Tony's post about panic pushing of the pedal and Olnolan's video put me onto it. And lmsport's last post describing the excessive bias was what got me thinking. When I was 'panic stop' pushing the pedal with no light and good rear brakes the light bulb went off in my head. Only took me a week or so - hehe.
Thanks for the help everyone - it was entertaining, educational and interesting - at least to me lol.
Tomorrow it's supposed to rain in monsoon fashion - 3" or so - and be in the 50-60 degree range. Which should do it for a temporary cleaning of the salt off the roads. Perhaps I can get in a couple more burnouts and brake tests.
Thanks - Jim
|12-20-2018 05:20 PM|
|lmsport||brake light means big pressure difference, if no air in system then the master is not putting out the correct pressures. do you have access to brake pressure gauges, we use them for race cars to get an idea on brake bias.|
|12-20-2018 08:17 AM|
Did you watch the proportioning valve video? They show it and explain it. It's just a threaded plastic plug with a nipple on the end.
|12-19-2018 07:03 PM|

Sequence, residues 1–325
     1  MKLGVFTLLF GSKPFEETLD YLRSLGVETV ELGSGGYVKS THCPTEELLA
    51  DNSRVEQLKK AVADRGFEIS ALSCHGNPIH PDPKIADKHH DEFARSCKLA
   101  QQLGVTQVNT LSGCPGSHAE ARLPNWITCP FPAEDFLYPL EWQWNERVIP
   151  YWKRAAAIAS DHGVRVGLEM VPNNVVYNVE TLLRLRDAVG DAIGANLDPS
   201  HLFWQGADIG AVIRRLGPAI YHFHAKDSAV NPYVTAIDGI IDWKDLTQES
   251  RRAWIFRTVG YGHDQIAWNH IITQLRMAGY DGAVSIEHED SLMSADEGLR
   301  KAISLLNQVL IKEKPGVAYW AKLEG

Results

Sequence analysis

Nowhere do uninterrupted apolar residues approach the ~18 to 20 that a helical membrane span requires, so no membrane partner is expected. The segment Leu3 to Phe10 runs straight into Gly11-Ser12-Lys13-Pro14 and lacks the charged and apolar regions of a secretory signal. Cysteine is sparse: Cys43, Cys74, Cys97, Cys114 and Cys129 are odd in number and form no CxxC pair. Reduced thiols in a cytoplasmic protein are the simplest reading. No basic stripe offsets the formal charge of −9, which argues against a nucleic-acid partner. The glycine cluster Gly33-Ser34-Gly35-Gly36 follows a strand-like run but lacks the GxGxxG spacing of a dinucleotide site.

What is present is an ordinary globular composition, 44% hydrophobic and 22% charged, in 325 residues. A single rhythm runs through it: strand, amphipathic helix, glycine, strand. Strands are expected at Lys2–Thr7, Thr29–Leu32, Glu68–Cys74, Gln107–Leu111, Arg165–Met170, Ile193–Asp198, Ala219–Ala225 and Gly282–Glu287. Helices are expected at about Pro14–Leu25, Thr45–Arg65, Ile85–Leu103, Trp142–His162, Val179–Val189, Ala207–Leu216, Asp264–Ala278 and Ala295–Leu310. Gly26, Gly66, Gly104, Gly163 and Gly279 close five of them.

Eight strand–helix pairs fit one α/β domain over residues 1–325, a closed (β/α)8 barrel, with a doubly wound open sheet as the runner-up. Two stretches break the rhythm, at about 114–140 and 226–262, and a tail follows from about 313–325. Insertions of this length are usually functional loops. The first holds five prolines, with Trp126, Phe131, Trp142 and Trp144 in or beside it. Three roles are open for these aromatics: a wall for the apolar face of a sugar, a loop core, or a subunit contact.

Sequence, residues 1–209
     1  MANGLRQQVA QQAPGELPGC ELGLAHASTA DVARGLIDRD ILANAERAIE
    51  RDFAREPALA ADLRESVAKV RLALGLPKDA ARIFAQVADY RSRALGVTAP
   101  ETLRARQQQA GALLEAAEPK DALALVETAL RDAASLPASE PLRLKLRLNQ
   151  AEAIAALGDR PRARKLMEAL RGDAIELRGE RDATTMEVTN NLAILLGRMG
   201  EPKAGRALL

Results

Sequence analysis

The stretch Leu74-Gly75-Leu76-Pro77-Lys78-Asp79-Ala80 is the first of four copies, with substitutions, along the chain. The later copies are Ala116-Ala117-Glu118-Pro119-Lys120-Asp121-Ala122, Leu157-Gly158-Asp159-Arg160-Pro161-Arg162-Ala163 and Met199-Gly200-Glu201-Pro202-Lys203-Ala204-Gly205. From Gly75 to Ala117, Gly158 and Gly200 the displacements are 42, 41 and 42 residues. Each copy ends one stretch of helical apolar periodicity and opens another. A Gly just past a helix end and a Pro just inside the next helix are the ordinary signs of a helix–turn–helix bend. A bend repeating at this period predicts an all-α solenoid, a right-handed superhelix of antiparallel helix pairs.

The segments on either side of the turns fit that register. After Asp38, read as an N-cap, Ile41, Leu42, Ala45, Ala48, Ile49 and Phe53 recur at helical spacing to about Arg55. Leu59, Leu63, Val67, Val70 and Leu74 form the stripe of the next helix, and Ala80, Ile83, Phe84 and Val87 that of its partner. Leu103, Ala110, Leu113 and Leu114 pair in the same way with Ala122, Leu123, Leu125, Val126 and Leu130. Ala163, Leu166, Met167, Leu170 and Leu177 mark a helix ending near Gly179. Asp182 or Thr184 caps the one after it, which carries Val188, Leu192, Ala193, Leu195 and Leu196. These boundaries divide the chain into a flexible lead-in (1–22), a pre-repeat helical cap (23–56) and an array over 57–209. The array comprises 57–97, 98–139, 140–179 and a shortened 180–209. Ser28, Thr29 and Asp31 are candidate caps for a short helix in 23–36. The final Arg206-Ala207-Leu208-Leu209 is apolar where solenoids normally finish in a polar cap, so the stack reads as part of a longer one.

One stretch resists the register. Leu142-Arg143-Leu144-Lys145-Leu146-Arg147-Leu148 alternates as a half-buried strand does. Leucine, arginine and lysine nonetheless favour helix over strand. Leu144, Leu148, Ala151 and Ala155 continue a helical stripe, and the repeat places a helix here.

Forgot to mention that it still, repeat still, is only letting the brake pedal travel with 3-4 inches of the floor when bleeding the rears - the pedal will not go to the floor when bleeding the rears. Maybe this is normal for 4 wheel disc as I'm usually working on a disc/drum setup.
|12-19-2018 06:57 PM|
A brief synopsis : brakes worked great for a little over a year until this last spring. The front brake hoses were holding the front brakes on(original hoses). Changed hoses, pads and calipers and all was well - drove less than 200 miles. This fall the brake light would come on occasionally and has gradually worsened to the description in the title including the brake light on at the same time as the 1st pump.